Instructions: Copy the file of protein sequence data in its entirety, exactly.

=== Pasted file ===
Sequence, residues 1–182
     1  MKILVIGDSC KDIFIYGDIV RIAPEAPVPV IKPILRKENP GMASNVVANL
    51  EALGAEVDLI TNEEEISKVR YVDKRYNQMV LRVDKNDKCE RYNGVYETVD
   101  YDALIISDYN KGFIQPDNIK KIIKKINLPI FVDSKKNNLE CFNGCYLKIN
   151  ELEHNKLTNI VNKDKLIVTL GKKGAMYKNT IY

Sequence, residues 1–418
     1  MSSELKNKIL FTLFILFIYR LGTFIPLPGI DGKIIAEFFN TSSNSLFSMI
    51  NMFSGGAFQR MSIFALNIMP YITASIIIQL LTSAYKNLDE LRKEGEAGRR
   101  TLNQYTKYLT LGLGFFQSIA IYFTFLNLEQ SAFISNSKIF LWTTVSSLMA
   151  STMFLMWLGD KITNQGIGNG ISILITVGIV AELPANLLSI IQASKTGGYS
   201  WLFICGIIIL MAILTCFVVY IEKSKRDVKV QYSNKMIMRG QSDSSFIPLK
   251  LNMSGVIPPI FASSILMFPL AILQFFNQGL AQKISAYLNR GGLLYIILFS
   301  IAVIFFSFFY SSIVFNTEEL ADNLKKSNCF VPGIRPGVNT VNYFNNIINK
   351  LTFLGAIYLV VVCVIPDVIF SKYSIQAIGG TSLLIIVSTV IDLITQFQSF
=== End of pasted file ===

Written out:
Sequence, residues 1–182
     1  MKILVIGDSC KDIFIYGDIV RIAPEAPVPV IKPILRKENP GMASNVVANL
    51  EALGAEVDLI TNEEEISKVR YVDKRYNQMV LRVDKNDKCE RYNGVYETVD
   101  YDALIISDYN KGFIQPDNIK KIIKKINLPI FVDSKKNNLE CFNGCYLKIN
   151  ELEHNKLTNI VNKDKLIVTL GKKGAMYKNT IY

Sequence, residues 1–418
     1  MSSELKNKIL FTLFILFIYR LGTFIPLPGI DGKIIAEFFN TSSNSLFSMI
    51  NMFSGGAFQR MSIFALNIMP YITASIIIQL LTSAYKNLDE LRKEGEAGRR
   101  TLNQYTKYLT LGLGFFQSIA IYFTFLNLEQ SAFISNSKIF LWTTVSSLMA
   151  STMFLMWLGD KITNQGIGNG ISILITVGIV AELPANLLSI IQASKTGGYS
   201  WLFICGIIIL MAILTCFVVY IEKSKRDVKV QYSNKMIMRG QSDSSFIPLK
   251  LNMSGVIPPI FASSILMFPL AILQFFNQGL AQKISAYLNR GGLLYIILFS
   301  IAVIFFSFFY SSIVFNTEEL ADNLKKSNCF VPGIRPGVNT VNYFNNIINK
   351  LTFLGAIYLV VVCVIPDVIF SKYSIQAIGG TSLLIIVSTV IDLITQFQSF